Spring Framework supports integration with the Java Persistence API (JPA) and supports native Hibernate for resource management, data access object (DAO) implementation, and transaction strategy. For example, Hibernate has first-class support with several handy IoC features that solve many common Hibernate integration problems. You can configure all supported functionality for OR (Object Relational) mapping tools using dependency injection. They can participate in Spring resource and transaction management, and they correspond to Spring's typed DAO transaction and exception hierarchies. The recommended integration style is to code DAOs instead of simple Hibernate or JPA APIs.

Spring brings significant functionality enhancements to your chosen ORM layer when building data access applications. You can use as many integration support tools as you want, and then weigh those integration efforts against the cost and risk of building a similar infrastructure in-house. You can use most ORM support just like libraries, regardless of technology, because everything is designed as a set of reusable JavaBeans. The ORM in the Spring IoC container makes it easy to configure and deploy. Thus, most of the examples in this section show the configuration inside a Spring container.

The advantages of using the Spring Framework to create ORM DAOs are:

  • Simplified testingSpring's IoC approach makes it easy to swap implementations and configurations of SessionFactory instances from Hibernate, DataSource instances from JDBC, transaction managers, and mapped object implementations ( if necessary). This, in turn, makes it much easier to test each piece of persistent code separately.

  • General data access exceptions. Spring can wrap exceptions from your ORM tool, transforming them from native (potentially checked) exceptions into a common DataAccessException hierarchy. This feature allows you to handle most non-recoverable persistent exceptions only at the appropriate levels, without annoying cliche catching, throwing, and declaring exceptions. But you can still catch and handle exceptions as needed. Remember that JDBC exceptions (including database-specific dialects) are also translated into the same hierarchy, which means that you can perform some JDBC operations within the consistent programming model.

  • Shared resource management Spring application contexts can handle the location and configuration of SessionFactory instances from Hibernate, EntityManagerFactory instances from JPA, DataSource instances from JDBC and other related resources. This makes it easier to manage and change these values. Spring offers efficient, simple, and secure handling of persistent storage resources. For example, dependent code that uses Hibernate typically needs to use the same Session from Hibernate to ensure efficiency and proper transaction processing. Spring makes it easy to create and bind a Session to the current thread in a transparent manner by exposing the current Session via a SessionFactory from Hibernate. Thus, Spring solves many of the chronic problems of typical Hibernate use for any local or transactional JTA environment.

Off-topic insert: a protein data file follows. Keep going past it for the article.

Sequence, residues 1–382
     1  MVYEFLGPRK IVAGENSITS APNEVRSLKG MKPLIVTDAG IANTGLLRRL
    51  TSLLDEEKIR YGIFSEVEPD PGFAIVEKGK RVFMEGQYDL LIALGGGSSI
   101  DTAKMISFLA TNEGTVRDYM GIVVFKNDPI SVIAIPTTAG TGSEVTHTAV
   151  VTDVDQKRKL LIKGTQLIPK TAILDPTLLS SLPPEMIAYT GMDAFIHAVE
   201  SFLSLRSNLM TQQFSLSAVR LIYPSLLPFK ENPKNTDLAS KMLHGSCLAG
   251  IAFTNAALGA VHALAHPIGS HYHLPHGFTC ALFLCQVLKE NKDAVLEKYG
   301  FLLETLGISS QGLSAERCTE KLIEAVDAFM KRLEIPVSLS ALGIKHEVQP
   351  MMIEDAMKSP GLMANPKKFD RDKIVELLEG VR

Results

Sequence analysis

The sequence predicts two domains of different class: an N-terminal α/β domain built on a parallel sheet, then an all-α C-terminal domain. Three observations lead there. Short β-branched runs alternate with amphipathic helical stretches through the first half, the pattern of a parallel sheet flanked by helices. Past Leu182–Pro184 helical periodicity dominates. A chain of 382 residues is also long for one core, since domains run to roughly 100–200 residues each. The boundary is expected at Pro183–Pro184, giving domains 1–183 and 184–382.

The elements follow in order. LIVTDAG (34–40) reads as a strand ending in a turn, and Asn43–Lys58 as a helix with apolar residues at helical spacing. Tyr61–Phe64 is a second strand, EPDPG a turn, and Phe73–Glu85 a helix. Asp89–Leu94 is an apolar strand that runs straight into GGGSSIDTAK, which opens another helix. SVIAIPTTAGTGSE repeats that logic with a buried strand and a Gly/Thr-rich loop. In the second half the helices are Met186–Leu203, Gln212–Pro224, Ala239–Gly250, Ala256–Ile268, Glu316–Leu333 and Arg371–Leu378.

• Integrated transaction management. You can wrap ORM code a declarative method interceptor based on aspect-oriented programming (AOP), either by using the @Transactional annotation or by explicitly configuring AOP-Advice for transactions in an XML configuration file. In both cases, transaction semantics and exception handling (rollback, etc.) are done for you. As described in the "Resource and Transaction Management" section , you can also change various transaction managers without affecting ORM related code. For example, you can switch between local transactions and JTA, with the same rich services (such as declarative transactions) available in both scenarios. In addition, code associated with JDBC can be fully transactionally integrated with code used for ORM. This is useful for data access that is not suitable for ORM (such as batch processing and BLOB streaming), but still needs to share common transactions with ORM operations.

For more comprehensive ORM support, including support for alternative database technologies such as MongoDB, it is worth taking a look at the Spring Data. If you are a JPA user, "Getting started with data access with JPA" from https://spring.io would be a great introduction.

General approaches to ORM integration

This section discusses recommendations that apply to all ORM technologies. The section on Hibernate provides more details and also demonstrates these features and configurations in context.